(2) Second, confirm that you really do have a proven track record that warrants going full-time. If you’re implementing alternate forms of income, then your trading results don’t need to completely cover your budget requirements, however given that this is likely your longer term goal it may be wise to ensure you’ve achieved that standard of return now. In any case, you need to have demonstrated consistent returns over a significant period of time.
(3) Now, let’s find alternate sources of income.
The ideal would be some form of passive income. It’d be great if we all had a bunch of rental properties and could live off the rental returns, but I assume most of us aren’t in that fortunate situation. Congratulations if you are. For the rest of us though, the most obvious source of part-time income is through a part-time or casual job or business, within your current field of expertise.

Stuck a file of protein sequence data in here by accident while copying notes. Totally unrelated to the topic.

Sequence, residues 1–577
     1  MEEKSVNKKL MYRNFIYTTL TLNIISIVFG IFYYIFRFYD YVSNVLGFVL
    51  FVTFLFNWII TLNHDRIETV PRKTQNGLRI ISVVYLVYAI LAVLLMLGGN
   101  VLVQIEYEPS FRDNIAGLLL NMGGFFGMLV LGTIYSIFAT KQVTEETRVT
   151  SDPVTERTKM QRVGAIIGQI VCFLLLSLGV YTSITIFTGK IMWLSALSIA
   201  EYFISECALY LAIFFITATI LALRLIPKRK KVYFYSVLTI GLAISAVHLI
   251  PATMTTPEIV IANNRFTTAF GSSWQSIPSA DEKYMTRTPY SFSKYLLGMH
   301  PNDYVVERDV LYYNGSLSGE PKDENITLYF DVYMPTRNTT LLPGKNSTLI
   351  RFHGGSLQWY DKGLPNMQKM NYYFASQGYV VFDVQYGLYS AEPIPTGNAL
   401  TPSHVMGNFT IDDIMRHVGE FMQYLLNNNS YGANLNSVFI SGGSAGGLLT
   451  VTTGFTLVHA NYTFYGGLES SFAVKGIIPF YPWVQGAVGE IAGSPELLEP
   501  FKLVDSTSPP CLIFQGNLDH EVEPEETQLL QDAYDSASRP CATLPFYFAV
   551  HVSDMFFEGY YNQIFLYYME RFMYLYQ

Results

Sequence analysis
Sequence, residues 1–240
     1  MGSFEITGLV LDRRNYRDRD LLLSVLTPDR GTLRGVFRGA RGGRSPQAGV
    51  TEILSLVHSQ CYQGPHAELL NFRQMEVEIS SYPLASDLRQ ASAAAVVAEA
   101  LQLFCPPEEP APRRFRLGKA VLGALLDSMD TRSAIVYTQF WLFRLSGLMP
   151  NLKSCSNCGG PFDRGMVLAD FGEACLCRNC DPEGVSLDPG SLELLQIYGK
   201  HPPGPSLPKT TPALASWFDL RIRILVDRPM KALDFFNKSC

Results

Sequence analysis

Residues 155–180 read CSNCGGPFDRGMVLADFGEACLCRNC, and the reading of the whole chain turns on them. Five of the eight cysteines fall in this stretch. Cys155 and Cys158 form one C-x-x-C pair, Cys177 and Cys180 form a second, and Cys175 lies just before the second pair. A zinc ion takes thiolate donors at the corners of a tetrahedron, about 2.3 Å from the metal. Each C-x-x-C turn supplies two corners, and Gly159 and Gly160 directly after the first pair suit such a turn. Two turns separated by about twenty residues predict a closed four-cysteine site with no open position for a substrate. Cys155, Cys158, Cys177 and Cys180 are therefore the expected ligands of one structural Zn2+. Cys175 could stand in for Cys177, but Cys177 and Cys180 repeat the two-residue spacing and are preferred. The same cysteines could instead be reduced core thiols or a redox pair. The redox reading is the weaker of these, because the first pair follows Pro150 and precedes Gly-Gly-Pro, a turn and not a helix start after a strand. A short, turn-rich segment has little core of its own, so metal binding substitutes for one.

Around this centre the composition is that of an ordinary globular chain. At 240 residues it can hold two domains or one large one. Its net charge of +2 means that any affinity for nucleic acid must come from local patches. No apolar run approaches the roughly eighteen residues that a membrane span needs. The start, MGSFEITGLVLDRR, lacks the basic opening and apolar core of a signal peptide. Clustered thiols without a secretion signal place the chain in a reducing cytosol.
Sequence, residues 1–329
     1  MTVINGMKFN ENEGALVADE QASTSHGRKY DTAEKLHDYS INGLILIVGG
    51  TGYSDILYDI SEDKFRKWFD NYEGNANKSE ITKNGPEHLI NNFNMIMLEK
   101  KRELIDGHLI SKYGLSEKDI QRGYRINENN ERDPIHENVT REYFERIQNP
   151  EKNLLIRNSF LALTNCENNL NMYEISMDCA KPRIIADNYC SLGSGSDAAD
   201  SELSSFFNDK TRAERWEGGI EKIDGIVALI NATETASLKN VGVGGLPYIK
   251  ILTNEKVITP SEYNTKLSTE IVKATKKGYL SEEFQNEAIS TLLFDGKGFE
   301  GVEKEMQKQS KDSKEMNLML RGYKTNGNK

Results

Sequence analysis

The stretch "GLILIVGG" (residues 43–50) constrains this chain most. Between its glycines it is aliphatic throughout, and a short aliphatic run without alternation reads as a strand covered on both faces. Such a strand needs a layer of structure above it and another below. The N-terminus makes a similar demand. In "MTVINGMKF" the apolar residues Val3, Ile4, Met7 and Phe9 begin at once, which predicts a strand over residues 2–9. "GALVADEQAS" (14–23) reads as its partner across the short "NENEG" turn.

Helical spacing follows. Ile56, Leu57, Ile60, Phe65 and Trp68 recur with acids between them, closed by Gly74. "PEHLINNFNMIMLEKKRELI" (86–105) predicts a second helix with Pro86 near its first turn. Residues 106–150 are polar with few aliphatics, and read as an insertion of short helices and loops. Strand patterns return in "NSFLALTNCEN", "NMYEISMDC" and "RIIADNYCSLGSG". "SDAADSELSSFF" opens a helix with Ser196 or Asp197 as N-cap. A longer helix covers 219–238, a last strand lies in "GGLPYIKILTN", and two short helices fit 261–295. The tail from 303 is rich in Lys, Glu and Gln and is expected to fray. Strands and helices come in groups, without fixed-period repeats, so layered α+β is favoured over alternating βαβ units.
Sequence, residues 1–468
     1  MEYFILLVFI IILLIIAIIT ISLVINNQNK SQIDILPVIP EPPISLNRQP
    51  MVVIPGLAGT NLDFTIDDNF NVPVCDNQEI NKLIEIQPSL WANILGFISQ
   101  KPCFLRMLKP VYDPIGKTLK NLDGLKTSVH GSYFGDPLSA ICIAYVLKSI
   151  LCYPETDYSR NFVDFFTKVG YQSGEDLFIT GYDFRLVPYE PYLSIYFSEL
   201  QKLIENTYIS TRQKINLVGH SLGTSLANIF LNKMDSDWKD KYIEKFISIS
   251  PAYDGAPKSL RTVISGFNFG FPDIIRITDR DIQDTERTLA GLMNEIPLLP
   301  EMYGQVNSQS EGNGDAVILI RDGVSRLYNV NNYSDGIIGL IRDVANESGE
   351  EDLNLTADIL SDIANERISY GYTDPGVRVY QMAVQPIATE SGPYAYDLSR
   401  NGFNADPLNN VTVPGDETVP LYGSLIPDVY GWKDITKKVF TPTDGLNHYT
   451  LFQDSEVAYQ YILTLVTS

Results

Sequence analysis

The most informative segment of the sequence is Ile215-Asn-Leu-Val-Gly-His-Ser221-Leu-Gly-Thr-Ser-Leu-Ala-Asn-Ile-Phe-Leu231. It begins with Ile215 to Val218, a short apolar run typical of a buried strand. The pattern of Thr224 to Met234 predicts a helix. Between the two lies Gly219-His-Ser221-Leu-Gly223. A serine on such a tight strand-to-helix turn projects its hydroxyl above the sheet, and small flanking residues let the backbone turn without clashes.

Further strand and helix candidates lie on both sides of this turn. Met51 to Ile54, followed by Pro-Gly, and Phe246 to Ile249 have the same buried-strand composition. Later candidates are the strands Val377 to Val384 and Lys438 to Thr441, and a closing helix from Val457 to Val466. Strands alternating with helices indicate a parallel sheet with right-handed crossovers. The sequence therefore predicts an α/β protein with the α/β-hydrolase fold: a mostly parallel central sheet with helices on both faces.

Are there opportunities to work for your current organization on a part-time or casual basis outside of market hours, or perhaps from home? If you can work part-time, but only during market hours, find another market that operates after-hours. It’s a global economy – there’s a market open somewhere.
Or once again, have you considered just trading the morning session, or afternoon session. A full-time trader doesn’t have to spend 8 hours a day in front of the screen. Are you able to find part-time employment around these shortened sessions?
If your current employer provides no options, look further afield to other employers within the same industry.